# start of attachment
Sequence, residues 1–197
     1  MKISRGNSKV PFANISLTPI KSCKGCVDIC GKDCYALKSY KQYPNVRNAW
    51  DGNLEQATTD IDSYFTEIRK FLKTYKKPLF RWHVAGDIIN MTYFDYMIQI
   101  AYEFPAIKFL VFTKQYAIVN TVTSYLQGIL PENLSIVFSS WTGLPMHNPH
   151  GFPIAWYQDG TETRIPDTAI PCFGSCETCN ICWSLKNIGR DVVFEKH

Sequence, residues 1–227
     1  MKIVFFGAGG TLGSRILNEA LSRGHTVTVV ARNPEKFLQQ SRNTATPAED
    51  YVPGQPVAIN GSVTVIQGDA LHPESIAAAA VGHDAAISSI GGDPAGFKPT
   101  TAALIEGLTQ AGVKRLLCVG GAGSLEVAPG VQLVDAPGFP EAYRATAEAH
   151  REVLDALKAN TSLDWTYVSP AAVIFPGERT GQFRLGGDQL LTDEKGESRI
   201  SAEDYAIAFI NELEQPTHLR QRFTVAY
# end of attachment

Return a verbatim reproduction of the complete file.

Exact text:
Sequence, residues 1–197
     1  MKISRGNSKV PFANISLTPI KSCKGCVDIC GKDCYALKSY KQYPNVRNAW
    51  DGNLEQATTD IDSYFTEIRK FLKTYKKPLF RWHVAGDIIN MTYFDYMIQI
   101  AYEFPAIKFL VFTKQYAIVN TVTSYLQGIL PENLSIVFSS WTGLPMHNPH
   151  GFPIAWYQDG TETRIPDTAI PCFGSCETCN ICWSLKNIGR DVVFEKH

Sequence, residues 1–227
     1  MKIVFFGAGG TLGSRILNEA LSRGHTVTVV ARNPEKFLQQ SRNTATPAED
    51  YVPGQPVAIN GSVTVIQGDA LHPESIAAAA VGHDAAISSI GGDPAGFKPT
   101  TAALIEGLTQ AGVKRLLCVG GAGSLEVAPG VQLVDAPGFP EAYRATAEAH
   151  REVLDALKAN TSLDWTYVSP AAVIFPGERT GQFRLGGDQL LTDEKGESRI
   201  SAEDYAIAFI NELEQPTHLR QRFTVAY